Adrian Sherwood(Engineer), Adrian Sherwood(Producer), Alien Jourgensen(Engineer), Doug DeAngelis(Engineer), Hypo Luxa(Producer), Jeff Newell(Engineer), John Fryer(Engineer), John Fryer(Producer), Keith Leblanc(Engineer), Keith Leblanc(Producer), Ken Quartarone(Engineer), Kennan Keating(Engineer), Sean Beavan(Engineer), Trent Reznor(Arranger), Trent Reznor(Engineer), Trent Reznor(Producer), Adrian Sherwood(Mixing), Freddie Mercury(Composer), John Fryer(Mixing), Keith Leblanc(Mixing), Keith Leblanc(Remixing), Rob Sheridan(Art Direction), Tom Baker(Mastering), Trent Reznor(Composer), Trent Reznor(Group Member), Trent Reznor(Mixing), Trent Reznor(Programming), Keith Leblanc(Remix Producer), Tim Neimi(Synthesizer Programming), Gary Talpas(Sleeve Art)
Virtually ignored upon its 1989 release, Pretty Hate Machine gradually became a word-of-mouth cult favorite; despite frequent critical bashings, its stature and historical importance only grew in hindsight. In addition to its stealthy rise to prominence, part of the album's legend was that budding auteur Trent Reznor took advantage of his low-level job at a Cleveland studio to begin recording it. Reznor had a background in synth pop, and the vast majority of Pretty Hate Machine was electronic. Synths voiced all the main riffs, driven by pounding drum machines; distorted guitars were an important textural element, but not the primary focus. Pretty Hate Machine was something unique in industrial music -- certainly no one else was attempting the balladry of Something I Can Never Have, but the crucial difference was even simpler. Instead of numbing the listener with mechanical repetition, Pretty Hate Machine's bleak electronics were subordinate to catchy riffs and verse-chorus song structures, which was why it built such a rabid following with so little publicity. That innovation was the most important step in bringing industrial music to a wide audience, as proven by the frequency with which late-'90s alternative metal bands copied NIN's interwoven guitar/synth textures. It was a new soundtrack for adolescent angst -- noisily aggressive and coldly detached, tied together by a dominant personality. Reznor's tortured confusion and self-obsession gave industrial music a human voice, a point of connection. His lyrics were filled with betrayal, whether by lovers, society, or God; it was essentially the sound of childhood illusions shattering, and Reznor was not taking it lying down. Plus, the absolute dichotomies in his world -- there was either purity and perfection, or depravity and worthlessness -- made for smashing melodrama. Perhaps the greatest achievement of Pretty Hate Machine was that it brought emotional extravagance to a genre whose main theme had nearly always been dehumanization. [A 2010 remastering included an unearthing of the original master tapes, overseen by Reznor and engineer Tom Baker (the latter a frequent collaborator), plus the addition of a bonus track, Reznor's cover of Queen's Get Down Make Love (originally on the single for Sin).] ~ Steve Huey, Rovi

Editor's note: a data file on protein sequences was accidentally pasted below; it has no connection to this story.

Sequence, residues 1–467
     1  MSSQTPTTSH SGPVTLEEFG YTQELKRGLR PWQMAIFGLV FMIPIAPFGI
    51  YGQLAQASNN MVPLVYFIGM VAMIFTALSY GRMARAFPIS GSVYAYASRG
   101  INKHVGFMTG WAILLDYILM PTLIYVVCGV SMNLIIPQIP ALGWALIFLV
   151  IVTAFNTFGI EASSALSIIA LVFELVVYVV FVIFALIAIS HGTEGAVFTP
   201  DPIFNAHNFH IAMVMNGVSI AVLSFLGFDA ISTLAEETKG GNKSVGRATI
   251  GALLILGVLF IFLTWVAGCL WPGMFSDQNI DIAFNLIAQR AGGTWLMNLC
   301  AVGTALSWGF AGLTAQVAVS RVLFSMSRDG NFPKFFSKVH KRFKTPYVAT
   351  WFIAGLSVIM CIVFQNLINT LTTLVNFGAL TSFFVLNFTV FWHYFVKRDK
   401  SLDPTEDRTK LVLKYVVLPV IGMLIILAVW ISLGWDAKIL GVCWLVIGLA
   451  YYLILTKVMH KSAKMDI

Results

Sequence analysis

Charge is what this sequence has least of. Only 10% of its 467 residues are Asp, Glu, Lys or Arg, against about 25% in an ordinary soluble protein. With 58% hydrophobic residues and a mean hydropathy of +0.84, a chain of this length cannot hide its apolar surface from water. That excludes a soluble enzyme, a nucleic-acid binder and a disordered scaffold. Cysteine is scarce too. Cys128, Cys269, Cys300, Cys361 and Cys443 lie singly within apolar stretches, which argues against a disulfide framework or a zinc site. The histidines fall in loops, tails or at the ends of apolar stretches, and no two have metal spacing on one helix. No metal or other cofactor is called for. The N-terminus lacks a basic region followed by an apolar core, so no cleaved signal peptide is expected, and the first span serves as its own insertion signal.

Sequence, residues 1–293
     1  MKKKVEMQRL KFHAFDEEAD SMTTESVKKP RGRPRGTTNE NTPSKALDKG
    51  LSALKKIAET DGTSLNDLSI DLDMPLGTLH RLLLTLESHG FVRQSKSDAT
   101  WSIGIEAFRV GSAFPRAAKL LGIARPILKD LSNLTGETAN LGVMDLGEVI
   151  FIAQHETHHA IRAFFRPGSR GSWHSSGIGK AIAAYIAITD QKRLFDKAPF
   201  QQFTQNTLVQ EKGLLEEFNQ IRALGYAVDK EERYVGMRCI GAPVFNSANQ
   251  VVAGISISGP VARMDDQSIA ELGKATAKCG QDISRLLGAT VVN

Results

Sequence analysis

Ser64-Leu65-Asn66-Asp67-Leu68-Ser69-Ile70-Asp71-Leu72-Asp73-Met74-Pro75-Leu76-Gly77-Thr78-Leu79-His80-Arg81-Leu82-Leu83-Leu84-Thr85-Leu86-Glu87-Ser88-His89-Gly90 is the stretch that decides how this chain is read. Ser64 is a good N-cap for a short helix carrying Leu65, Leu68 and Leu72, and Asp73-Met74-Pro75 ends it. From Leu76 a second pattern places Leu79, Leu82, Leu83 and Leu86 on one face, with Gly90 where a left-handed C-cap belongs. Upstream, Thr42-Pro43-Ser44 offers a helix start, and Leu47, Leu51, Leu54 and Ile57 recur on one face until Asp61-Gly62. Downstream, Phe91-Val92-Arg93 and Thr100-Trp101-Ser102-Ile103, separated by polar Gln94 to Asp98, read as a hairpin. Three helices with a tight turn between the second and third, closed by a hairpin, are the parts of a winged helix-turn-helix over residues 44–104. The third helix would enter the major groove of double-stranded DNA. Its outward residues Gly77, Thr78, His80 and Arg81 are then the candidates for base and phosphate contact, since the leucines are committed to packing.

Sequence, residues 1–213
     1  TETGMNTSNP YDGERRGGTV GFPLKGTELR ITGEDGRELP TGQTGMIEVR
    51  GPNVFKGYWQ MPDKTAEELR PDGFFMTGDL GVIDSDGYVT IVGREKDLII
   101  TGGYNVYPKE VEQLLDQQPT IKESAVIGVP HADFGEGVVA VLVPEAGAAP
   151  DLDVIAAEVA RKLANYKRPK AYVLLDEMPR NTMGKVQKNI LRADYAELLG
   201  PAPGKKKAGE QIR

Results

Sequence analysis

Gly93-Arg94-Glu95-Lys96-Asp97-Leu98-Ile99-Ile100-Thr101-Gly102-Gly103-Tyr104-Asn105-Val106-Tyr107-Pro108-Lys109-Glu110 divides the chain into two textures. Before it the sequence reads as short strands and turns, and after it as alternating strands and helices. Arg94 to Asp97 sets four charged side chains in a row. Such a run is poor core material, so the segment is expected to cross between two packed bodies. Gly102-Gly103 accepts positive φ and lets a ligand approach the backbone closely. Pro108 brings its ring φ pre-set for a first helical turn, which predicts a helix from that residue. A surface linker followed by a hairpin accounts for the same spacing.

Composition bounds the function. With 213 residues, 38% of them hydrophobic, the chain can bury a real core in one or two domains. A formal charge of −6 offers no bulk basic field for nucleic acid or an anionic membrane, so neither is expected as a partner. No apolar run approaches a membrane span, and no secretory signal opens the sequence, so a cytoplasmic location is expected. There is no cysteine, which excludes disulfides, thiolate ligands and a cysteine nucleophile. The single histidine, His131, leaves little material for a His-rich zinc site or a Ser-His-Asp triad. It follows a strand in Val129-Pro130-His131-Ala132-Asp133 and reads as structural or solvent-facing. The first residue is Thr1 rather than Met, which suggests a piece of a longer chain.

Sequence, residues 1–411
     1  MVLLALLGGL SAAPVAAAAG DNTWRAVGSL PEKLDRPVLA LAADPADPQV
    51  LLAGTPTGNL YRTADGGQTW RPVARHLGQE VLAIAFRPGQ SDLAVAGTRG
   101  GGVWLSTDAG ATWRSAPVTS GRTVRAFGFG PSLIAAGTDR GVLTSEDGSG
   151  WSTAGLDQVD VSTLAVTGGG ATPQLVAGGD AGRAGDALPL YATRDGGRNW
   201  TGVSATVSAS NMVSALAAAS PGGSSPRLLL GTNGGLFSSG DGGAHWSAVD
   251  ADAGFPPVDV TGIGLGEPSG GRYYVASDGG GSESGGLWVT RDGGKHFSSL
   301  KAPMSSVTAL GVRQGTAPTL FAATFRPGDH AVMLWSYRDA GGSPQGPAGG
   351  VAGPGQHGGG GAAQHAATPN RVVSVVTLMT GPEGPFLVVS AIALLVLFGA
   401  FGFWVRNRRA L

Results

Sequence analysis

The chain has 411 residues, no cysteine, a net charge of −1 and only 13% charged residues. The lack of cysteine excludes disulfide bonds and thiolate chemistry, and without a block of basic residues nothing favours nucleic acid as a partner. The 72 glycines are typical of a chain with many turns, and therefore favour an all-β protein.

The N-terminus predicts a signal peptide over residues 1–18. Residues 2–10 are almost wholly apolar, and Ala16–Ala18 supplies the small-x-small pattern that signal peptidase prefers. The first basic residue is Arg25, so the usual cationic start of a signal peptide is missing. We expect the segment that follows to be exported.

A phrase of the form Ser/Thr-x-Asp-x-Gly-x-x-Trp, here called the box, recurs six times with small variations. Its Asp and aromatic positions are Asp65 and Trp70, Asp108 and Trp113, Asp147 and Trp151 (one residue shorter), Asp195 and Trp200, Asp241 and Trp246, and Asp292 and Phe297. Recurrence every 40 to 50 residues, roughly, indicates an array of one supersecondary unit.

01． Head Like a Hole
02． Terrible Lie
03． Down in It
05． Something I Can Never Have
06． Kinda I Want To
08． That's What I Get
09． Only Time
11． Get Down Make Love
待ってました、これを。手元にあった奴は89年の奴だから、どうしても音が・・・。 曲は随一に良いので、リマスター版が出たのは新譜並にうれしい。実際音も一つ一つがクリアになって、もちろん変に技術に傾倒する事なく仕上がっているのはさすが。 やっぱり”Head Like A Hole”は最強。
リマスター最高や！！。 タイトルなどが書かれた透明のプラケースが付いたデジパック。ボーナストラックはSinのシングルにあったクィーンのGet Down Make Loveのカバー。
Nine Inch Nails were the most popular industrial group ever and were largely responsible for bringing the music to a mass audience. It isn't really accurate to call NIN a group; the only official member is singer/producer/multi-instrumentalist Trent Reznor, who always remained solely responsible for NIN's musical direction (he was, however, supported in concert by a regular backing band). Unlike t
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